Population biologists chart this density-dependent growth variability using S-shaped population growth curves. The fact that no Earth-bound population grows exponentially forever testifies to the ubiquity of density-dependent limiting factors. So this principle, too, may fit the bill for universality. Now let us turn to some recent work on scaling relationships in ecology that suggest additional principles that could form the basis for ecological laws.

Ecologists have long known that metabolism scales allometrically with body size. That is, an organism’s metabolism varies with its body mass raised to some exponent, and that exponent is usually less than one (Hilgardia6:315–53, 1932). As in all organismic allometries, the data may be noisy, but nonetheless the statistical relationship is clear. What has impressed ecologists in recent years is the degree to which other key ecological variables that also are known to vary allometrically with body size—abundances, productivities, and demographic characteristics—all seem to be interconnected in ways that ultimately appear tied to individual metabolic rates.

In general, the values of the exponents in question are clearly derived from the exponent for metabolism (Size, Function, and Life History, Harvard University Press, 1984; Metabolic Ecology: A Scaling Approach, ed. R.M. Sibly, et al., Wiley-Blackwell, 2012). But remarkably, two properties are invariant with respect to body size—in other words, they have exponents of zero. The maximum reproductive rate per generation is unrelated to species body size. Similarly, the energy use of populations of different species in a community is also not related to a species’ body size. For example, the zebra (250 kg) and the wood mouse (35 g) can maximally produce about four offspring per female per generation, and their populations both use energy at an average rate of about 65 MJ per km2 per day. (Biol J Linn Soc, 31:193–246, 1987; Am Nat, 169:621–31, 2007; Biol Lett, 6:850–53, 2010).

If the exponent of metabolic rate were different, all of the other exponents would change, except those for these two, which remain constant. Such invariance indicates that something is working the same way, on average, at all body sizes. These invariant relationships are like the laws discussed above: they are unaffected by local details, and we can expect them to hold true everywhere.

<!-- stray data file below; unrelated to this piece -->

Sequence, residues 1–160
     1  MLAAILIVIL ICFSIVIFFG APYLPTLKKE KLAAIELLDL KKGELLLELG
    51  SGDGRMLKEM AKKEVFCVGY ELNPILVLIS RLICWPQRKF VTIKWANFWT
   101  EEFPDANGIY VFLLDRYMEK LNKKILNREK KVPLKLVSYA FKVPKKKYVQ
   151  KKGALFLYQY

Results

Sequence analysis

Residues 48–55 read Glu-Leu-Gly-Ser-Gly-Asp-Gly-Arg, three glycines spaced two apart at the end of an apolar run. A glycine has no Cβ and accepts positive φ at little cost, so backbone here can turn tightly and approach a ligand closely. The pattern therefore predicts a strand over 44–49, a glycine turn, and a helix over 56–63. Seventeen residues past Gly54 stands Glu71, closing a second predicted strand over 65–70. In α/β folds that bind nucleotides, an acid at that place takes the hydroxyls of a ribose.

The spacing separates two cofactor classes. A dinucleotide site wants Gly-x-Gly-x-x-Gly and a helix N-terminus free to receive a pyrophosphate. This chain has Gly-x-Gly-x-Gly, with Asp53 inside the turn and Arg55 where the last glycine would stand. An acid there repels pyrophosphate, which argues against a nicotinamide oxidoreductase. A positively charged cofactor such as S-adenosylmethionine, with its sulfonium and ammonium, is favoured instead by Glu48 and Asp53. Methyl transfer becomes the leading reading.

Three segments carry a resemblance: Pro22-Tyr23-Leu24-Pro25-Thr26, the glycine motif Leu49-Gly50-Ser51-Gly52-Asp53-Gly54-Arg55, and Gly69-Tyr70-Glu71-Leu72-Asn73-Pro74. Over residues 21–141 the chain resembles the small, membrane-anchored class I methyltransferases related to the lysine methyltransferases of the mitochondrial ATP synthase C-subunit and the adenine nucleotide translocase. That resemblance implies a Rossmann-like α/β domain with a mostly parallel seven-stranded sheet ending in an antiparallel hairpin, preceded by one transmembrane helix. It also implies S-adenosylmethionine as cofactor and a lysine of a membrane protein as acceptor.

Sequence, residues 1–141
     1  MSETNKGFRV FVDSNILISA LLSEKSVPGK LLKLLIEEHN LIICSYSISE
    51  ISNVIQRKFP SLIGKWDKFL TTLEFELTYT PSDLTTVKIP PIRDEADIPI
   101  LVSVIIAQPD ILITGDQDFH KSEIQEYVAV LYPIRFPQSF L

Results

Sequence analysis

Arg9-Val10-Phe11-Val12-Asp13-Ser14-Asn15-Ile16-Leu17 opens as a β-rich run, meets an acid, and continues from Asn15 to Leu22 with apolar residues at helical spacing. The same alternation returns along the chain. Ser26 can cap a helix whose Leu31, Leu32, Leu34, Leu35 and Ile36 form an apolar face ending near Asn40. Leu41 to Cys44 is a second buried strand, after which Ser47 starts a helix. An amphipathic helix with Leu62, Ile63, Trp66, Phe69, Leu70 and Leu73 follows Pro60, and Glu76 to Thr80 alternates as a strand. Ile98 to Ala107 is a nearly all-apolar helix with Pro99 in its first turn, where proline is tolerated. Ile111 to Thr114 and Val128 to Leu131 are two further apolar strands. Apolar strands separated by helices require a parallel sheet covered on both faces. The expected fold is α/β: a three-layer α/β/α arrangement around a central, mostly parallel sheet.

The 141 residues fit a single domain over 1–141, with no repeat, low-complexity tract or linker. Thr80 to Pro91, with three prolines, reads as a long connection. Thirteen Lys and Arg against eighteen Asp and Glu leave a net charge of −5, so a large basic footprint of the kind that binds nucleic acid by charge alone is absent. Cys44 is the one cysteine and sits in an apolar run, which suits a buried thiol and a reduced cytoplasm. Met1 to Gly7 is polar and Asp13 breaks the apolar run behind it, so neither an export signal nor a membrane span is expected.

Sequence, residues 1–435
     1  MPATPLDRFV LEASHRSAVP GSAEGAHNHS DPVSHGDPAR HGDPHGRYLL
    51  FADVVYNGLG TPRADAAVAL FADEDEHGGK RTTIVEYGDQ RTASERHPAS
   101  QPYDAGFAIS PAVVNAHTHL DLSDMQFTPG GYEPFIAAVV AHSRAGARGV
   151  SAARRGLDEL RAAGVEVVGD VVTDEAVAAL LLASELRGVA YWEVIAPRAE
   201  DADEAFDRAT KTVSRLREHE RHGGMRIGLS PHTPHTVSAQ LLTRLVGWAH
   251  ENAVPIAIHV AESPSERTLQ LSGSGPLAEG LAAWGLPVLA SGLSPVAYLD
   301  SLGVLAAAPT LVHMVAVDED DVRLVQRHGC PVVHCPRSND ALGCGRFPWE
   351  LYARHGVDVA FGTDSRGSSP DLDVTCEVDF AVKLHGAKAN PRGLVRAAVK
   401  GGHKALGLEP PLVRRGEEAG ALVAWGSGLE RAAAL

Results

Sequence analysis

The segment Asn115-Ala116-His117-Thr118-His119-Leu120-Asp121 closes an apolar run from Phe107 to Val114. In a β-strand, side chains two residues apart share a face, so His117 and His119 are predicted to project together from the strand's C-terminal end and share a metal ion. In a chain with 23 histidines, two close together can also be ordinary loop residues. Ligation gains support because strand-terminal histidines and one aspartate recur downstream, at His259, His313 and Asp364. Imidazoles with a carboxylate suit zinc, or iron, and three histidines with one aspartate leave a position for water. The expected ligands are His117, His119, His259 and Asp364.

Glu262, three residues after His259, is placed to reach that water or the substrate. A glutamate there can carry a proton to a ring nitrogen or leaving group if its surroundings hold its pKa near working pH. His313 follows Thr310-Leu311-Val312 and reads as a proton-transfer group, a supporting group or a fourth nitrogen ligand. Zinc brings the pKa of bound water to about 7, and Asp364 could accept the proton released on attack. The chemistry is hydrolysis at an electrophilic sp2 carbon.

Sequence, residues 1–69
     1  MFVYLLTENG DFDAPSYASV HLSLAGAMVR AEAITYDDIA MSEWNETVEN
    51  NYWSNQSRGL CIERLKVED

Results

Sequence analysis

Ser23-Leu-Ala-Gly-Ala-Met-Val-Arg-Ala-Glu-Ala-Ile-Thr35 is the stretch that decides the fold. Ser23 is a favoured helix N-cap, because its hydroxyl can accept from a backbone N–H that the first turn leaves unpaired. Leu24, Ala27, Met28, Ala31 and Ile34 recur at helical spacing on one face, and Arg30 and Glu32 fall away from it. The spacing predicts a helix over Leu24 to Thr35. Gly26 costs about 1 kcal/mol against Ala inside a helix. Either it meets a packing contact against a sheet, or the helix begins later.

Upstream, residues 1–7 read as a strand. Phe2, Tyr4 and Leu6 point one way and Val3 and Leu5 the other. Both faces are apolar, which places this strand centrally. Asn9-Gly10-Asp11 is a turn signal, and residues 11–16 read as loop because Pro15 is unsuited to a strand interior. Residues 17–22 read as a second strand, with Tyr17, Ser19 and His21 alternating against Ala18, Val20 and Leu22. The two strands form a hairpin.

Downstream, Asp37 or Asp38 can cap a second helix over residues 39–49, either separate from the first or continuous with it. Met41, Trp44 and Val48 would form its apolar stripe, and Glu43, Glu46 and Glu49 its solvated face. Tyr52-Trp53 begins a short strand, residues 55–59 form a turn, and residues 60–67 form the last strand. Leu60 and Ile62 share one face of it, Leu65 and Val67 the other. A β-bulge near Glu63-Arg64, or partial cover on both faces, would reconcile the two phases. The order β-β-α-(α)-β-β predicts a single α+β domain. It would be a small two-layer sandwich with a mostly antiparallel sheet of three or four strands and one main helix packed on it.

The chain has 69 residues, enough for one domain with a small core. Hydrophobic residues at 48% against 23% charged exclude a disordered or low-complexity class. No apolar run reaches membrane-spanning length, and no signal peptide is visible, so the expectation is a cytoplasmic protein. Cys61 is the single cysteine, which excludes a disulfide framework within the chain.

In Carl Sagan’s novel Contact, an alien signal that was recognized as being sent by intelligent life consisted of a series of prime numbers in binary notation. The idea is that any intelligent civilization would have to have discovered the prime numbers and would recognize binary notation as fundamental. Indeed, mathematics is the same everywhere: 2+2=4 is true on Earth as it is throughout the cosmos, and 7 is a prime number no matter where you live. Setting aside notation, extraterrestrial mathematics must be identical to terrestrial mathematics.

We have every reason to expect that the laws of physics and mathematics hold in far-flung corners of the universe. Recent work on ecological allometries suggests that researchers may be uncovering fundamental laws of biological interaction—universal ecology, if you like. Not only would we expect life on other planets to obey these allometric relationships, we could reasonably expect intelligent life forms to eventually discover these relationships.

Mark Colyvan is a professor of philosophy at the University of Sydney. John Damuth is an ecologist at the University of California, Santa Barbara. Lev R. Ginzburg is a theoretical ecologist who retired from Stony Brook University in 2015 and is the president of Applied Biomathematics, a private ecological research and software firm. All three were visiting scholars at the Stellenbosch Institute for Advanced Study in South Africa, where this article was conceived.